Emotional Triggers: Defintion and How to Manage Them

Being aware of internal triggers and learning how to manage them requires close introspection and mindfulness. Many different stimuli can be possible triggers, and they are often strongly influenced by past experiences. Personally, as someone who lives with mental illness, I have experienced numerous triggers when I’ve been symptomatic. These triggers have led to extreme discomfort, family conflict, onset of illness, worsening of symptoms, episodes and hospitalizations. A person’s behaviors based on their emotional reaction can range from relatively minimal to serious, such as acts of violence. Someone exposed to a trigger while symptomatic may be more vulnerable and the emotional reaction may be stronger.

  • She enjoys traveling, fitness, crafting, and spreading awareness of addiction recovery to help people transform their lives.
  • Many different stimuli can be possible triggers, and they are often strongly influenced by past experiences.
  • Education on coping skills can help people manage thoughts of using.
  • Recovery is not easy and most people require addiction treatment to reclaim their lives once they become addicted to drugs or alcohol.
  • If you are newly in recovery, you may want to consider an outpatient program for your first few months into sobriety.
  • Both of these behavior triggers can both be used to build habits.

There are many different thoughts that can trigger a person in recovery, but all of them can lead to relapse if not handled correctly. A person may rationalize that they are a bad person through negative thoughts, and therefore relapse, because they do not feel they are worth saving. Once I got clean, I would find myself confronted with negative emotions that I would so often use alcohol to get away from. When problems arose within my family or at work , I felt the same negative emotions as before, only this time I no longer had the alcohol to cope. It was a whole new territory for me to have to deal with emotions instead of trying to escape them. Also, writing down your thoughts, feelings, and experiences in a daily journal could help you identify trends, events, or stimuli that lead to triggers.

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Contact a treatment provider today to find your way to peace and sobriety. Keeping a trigger diary is an effective way for individuals to identify and anticipate triggers in their daily lives. When someone records detailed information on what, who, when, and where was the motivation before their use or craving, they can gain insight into how to reduce temptation or take preventive action.

Following these strategies can reduce the risk of relapse due to emotional addiction triggers and maintain long-term sobriety. Each time a person is triggered is a learning opportunity that can help manage reactions in the future. If a person can’t control the trigger fully, they may be able to limit the emotional reaction to it before it becomes problematic and harder to address. They might even be able to prevent the trigger by preparing for it.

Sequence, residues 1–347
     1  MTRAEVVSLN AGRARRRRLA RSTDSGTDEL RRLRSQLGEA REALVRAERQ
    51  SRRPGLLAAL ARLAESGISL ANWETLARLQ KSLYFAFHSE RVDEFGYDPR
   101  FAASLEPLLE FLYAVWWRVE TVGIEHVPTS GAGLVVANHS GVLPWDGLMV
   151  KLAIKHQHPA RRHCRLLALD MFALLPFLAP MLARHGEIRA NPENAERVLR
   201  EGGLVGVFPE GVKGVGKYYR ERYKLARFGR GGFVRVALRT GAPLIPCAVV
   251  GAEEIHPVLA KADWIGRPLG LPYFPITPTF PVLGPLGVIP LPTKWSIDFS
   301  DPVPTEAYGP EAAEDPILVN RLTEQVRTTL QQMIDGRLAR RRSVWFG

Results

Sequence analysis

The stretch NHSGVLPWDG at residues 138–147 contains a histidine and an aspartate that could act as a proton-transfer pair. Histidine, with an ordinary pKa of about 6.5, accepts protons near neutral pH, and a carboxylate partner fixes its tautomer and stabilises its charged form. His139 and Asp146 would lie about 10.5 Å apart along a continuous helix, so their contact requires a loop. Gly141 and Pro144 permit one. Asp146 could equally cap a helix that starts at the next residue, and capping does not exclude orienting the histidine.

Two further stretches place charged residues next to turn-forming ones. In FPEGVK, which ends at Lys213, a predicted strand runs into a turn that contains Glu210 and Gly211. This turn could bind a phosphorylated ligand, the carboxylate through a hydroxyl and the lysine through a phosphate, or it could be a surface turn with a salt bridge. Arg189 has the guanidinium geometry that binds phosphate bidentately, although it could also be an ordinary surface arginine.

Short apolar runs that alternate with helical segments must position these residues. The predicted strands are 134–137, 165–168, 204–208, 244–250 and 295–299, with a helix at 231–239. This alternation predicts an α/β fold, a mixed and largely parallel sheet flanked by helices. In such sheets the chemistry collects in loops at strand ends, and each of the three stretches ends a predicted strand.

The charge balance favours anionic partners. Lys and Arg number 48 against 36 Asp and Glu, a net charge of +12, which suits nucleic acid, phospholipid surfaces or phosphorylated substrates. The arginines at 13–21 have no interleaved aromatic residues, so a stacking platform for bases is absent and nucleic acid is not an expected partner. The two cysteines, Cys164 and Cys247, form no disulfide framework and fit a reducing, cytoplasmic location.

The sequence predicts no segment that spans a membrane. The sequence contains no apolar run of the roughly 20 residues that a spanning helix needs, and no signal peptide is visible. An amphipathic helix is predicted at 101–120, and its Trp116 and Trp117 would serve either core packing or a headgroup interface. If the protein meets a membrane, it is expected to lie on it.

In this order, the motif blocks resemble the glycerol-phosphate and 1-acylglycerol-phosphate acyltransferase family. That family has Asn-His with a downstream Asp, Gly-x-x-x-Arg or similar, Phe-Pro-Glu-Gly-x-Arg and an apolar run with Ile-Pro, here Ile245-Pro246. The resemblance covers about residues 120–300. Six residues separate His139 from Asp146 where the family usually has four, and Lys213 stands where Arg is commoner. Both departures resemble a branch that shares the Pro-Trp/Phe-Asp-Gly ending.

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Or, you might see an advertisement that makes you want to get drunk with your old friends. Internal triggers are extremely powerful and they are often much more difficult to deal with than external ones because you cannot always control the way you feel or the passing thoughts you think. You can avoid a certain situation or person, but you cannot just avoid feeling depressed or angry. After transitioning out of rehab and heading back home or into a sober living program, every individual in recovery will encounter several triggers that can cause a relapse. If you are starting to consider relapse, you may find that you are exposing yourself to possible triggers, even subconsciously.

What Are Internal and External Triggers?

These strategies are formulated in drug rehab and can be practiced safely within a transitional housing situation. Internal triggers are thoughts or emotions that make you want to use drugs or alcohol. For example, you may feel a lot of anger when you run into your ex-boyfriend and his new girlfriend at the store, which may make you want to drink. Or, when you’re out having fun with your friends, you may feel confident and in control, so you may permit yourself to smoke marijuana because you convince yourself that you deserve it.

What is the internal trigger?

Internal triggers are the thoughts and feelings that a person has that can cause a desire for drugs or alcohol. While we may tend to think that negative feelings lead to relapse, it's important to acknowledge that both positive and negative feelings could be a trigger.

About 40-60% of those struggling with addiction relapse following treatment. Whether your triggers are emotional distress or a specific situation, it is essential that you know what compels you to use when trying to lead a life of sobriety. Understanding what triggers you to relapse and having a internal and external triggers plan in place for these triggers are your first steps toward prevention. In the ongoing dialogue about mental health, we don’t talk enough about triggers. Most often, the discussion focuses on what happens after a person has been triggered, which is when the situation is much harder to address.

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